This month’s  Career Collective Bloggers are writing about their favorite career resources.  Scroll down to see what others have written on this topic.

My clients primarily live with chronic illness.  For the most part, the challenges they face fall into the same “categories” that healthy people face.  The story and degree of difficulties might shift.  Over the years, I’ve developed some favorite places “go t” places when I’m working with clients  around career transition or career development.

  1. Transitions: Making Sense of Life’s Changes Strategies for coping with the difficult, painful, and confusing times in your life,  By William Bridges  – the 25th anniversary edition is out and that tells you how strong this book is. This is often the place I start when working with someone who is going through any kind of difficult shift or loss in their life, not just career.  Clients with illness find that this speaks to them on so many levels and that’s a great starting place to accepting and embracing what has to be done.  Bridges explores what makes change so difficult and offers concrete suggestions.   He has written subsequent books that are also quite good, including Making the Most of Transitions,with Susan Bridges.
  2. New Job, New You: A guide to reinventing yourself in a right new career, Alexandra Levit.  This is timely because it speaks to where our society is right now regarding career dreams and the marketplace.  It offers examples and specifics but primarily serves as a motivator that this can be done.  Many of the folks with whom I work have to reinvent themselves (I did!) because their symptoms prevent them from being successful in their jobs.
  3. The Right Job, Right Now, the complete toolkit for finding your perfect career, Susan D. Strayer.   It sounds too perfect and it is but there are some solid assessment tools that I use with clients.  This is helpful for the “do-it-yourselfer” who wants to figure it out.
  4. I’d Rather Be Working, A Step by Step guide to Financial Self Support for People with Chronic illness, by Gayle Backstrom. Although it’s written in 2002, a lot of the information is still very relevant.
  5. Keep Working With Chronic Illness  Workbook, by Rosalind Joffe.  I’ve included this resource because healthy people have told me that they find it useful, too.  I developed this, though, because I couldn’t find a career tool that reflected the challenges and needs of people living with disabling symptoms. Among other things, it includes tools for identifying how symptoms impact your needs and  jobs skills as well as career assessments and job search tools.
  6. Resume Writers: I didn’t know that this is a profession, separate from career professionals until recently (twitter actually).  I’d always written my own resume and didn’t realize there were options that would make it more effective.  But more than ever, this is an absolute must.  With the increasing need for the right search terms in a resume, the of qualified people trying to get the same job, a resume is a critical tool to opening doors.   Anyone with  an unusual background, such as career change, job gaps, degree/experience mismatch particularly needs to frame this strategically.  A good resume writer should be able to do this.  Oh – and if you’re wondering where to find the right match for you, we’ve got some great bloggers on this list who can help you.

Career Collective Bloggers:


    15 Responses to “6 Ideas To Put In Your Toolbox”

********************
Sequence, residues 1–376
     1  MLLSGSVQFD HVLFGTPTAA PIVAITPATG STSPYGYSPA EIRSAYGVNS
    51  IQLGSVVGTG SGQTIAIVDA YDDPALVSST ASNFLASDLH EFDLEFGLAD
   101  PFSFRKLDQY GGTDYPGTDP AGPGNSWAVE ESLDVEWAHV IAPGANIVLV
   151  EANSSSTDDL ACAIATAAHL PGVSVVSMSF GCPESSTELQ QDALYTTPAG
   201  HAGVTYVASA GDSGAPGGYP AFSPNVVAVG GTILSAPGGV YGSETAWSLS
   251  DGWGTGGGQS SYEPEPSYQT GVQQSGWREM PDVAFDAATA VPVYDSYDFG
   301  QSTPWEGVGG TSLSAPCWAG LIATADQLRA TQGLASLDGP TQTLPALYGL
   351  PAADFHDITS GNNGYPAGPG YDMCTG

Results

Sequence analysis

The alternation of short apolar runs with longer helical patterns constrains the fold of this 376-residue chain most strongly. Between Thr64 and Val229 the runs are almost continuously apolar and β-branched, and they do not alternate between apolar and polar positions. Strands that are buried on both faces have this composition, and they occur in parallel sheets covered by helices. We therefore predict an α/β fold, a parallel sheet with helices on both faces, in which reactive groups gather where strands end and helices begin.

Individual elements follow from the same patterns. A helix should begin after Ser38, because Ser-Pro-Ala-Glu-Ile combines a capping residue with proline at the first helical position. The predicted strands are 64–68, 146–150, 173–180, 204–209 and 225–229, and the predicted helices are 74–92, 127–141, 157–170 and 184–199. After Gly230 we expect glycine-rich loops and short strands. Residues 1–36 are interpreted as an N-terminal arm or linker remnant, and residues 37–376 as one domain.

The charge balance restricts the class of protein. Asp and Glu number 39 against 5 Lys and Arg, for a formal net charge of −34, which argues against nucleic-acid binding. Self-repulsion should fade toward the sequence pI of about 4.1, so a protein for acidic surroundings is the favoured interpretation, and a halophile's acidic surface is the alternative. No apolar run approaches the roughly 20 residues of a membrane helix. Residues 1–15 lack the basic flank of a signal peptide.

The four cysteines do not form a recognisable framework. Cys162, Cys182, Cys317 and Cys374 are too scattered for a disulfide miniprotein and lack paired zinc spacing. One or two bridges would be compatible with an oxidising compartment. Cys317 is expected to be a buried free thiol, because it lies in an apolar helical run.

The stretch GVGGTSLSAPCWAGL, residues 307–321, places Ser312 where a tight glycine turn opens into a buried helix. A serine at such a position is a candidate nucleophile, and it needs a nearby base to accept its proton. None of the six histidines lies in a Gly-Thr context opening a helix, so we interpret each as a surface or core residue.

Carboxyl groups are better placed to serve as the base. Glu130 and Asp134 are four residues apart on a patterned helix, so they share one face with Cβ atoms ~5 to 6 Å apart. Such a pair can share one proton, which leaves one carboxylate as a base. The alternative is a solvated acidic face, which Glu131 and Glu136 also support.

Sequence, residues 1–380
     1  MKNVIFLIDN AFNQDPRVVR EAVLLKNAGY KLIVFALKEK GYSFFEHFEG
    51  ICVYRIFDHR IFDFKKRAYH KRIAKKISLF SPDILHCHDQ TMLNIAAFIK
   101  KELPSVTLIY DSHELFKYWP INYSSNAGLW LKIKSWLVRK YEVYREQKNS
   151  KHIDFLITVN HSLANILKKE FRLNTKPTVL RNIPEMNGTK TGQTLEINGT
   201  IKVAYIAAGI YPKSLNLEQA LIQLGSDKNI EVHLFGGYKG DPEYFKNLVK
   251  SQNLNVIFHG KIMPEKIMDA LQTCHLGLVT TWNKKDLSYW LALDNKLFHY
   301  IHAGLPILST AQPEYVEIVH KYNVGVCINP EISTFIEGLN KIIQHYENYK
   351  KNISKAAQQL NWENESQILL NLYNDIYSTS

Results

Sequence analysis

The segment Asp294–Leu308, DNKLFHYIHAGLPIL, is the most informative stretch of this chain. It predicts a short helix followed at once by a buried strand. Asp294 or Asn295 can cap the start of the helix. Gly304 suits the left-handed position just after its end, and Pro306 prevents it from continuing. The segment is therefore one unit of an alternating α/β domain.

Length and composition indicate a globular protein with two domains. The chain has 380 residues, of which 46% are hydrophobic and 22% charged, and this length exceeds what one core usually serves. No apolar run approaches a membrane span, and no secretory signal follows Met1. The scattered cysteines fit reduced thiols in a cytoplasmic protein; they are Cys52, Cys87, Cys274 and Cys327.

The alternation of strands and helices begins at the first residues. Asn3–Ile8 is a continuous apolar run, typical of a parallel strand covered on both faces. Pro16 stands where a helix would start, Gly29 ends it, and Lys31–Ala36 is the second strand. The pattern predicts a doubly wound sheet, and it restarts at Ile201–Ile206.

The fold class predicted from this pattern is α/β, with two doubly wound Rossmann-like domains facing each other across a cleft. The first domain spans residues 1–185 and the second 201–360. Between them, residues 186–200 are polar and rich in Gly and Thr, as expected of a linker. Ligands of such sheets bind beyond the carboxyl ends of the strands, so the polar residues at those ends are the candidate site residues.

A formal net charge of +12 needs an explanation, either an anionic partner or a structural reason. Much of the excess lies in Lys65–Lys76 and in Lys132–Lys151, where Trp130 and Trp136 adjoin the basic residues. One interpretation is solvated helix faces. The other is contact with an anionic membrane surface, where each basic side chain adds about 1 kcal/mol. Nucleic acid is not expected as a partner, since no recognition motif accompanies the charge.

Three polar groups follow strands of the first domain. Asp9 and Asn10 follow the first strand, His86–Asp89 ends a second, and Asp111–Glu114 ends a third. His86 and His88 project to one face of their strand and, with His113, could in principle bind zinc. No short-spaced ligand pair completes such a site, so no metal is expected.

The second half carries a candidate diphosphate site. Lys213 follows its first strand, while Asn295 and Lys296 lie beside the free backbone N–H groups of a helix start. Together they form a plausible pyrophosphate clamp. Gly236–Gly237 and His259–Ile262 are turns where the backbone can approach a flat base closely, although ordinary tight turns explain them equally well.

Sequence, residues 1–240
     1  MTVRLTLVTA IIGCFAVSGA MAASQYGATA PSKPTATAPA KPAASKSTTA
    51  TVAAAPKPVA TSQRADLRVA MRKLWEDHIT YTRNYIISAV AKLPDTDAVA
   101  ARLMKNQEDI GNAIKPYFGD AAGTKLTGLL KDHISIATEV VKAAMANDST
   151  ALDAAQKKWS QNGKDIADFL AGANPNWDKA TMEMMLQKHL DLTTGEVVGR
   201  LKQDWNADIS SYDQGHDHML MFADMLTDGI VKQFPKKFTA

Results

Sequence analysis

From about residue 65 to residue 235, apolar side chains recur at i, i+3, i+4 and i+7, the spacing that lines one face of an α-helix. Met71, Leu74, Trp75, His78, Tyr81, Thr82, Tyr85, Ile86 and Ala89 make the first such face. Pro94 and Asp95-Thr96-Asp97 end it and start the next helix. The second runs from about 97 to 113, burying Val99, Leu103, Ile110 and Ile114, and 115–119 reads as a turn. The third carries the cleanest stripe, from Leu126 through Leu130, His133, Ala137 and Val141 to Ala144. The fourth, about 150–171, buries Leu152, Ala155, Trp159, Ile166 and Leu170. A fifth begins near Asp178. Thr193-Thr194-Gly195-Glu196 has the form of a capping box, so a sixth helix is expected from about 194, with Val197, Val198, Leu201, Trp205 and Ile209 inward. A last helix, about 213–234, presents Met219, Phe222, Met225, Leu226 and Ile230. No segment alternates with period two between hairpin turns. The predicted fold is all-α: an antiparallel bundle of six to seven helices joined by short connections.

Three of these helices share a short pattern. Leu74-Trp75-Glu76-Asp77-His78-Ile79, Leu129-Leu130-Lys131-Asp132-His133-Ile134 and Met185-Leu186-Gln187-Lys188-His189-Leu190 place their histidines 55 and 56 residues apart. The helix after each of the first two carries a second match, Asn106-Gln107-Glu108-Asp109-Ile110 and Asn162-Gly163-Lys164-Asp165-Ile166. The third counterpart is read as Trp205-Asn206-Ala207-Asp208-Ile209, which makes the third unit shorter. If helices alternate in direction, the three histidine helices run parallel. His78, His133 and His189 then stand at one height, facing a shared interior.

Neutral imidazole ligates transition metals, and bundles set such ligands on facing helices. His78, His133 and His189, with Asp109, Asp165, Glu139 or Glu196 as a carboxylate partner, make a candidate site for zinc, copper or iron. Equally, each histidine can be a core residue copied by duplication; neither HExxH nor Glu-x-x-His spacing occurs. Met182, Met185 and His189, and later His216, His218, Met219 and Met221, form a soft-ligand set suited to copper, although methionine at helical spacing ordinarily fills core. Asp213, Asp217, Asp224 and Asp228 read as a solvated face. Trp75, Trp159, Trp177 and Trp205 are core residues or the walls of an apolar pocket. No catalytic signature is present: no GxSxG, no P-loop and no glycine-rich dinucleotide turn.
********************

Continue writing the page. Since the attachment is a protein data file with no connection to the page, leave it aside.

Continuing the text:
1. 1 Gayle Howard, Master Resume Writer

      I’m so pleased to see No. 6 there! :)
      As a professional resume writer, the difference between DIY resumes and the professional, branded version is phenomenal. Not only does it help job seekers look good on paper, but it fills them with confidence as they see a compelling business case for their skills and services right there on paper in front of them. Confidence is half the journey! Thanks for educating your readers! Jobseekers can look at and to find out about resume writers and the various level of certifications and credentials.

    2. 2 Career Sherpa


      I am always looking for resources to help people understand how they can transition to something different. I am so glad to see you’ve listed 3 in your post. Perhaps I should have known about these, but I am so glad you referenced them here! I know I’ll be referring people to your site again and again!

    3. 3 Jacqui Poindexter, Executive Resume Writer

      I love your blog posts because they are always so word-rich while also being easy to read.

      In particular, resource #1 is a thoughtful and important book that provides a great landing place for someone experiencing the confusion and emotion attached to difficult, painful, confusing change. As you indicate, it’s a “great starting place to accepting and embracing what has to be done.” Without that ability to embrace the action steps, the other steps toward reinvention or assessment other options, etc. — even hiring to have a professional resume prepared (thank you for the hat tip to us pro resume writers!), won’t be as effective!

      Moreover, your Keep Working With Chronic Illness Workbook sounds like a great tool for both the chronically ill and the healthy!

      Thanks for another great contribution to the Career Collective!


    4. 4 Rosalind

      Thanks, Gayle. I meant it about resume writers, too!

    5. 5 Rosalind

      Thanks. I hope you do!

    6. 6 Rosalind

      I”m delighted to be part of this group. It gives me ideas all the time and is a fantastic resource. It’s a prime example of what our networked world offers us!

    7. 7 Resume Resources

      This is still a great resource, but I thought it would be worth mentioning that some of the links don’t work. May be worth while to update the post. Cheers, Jen

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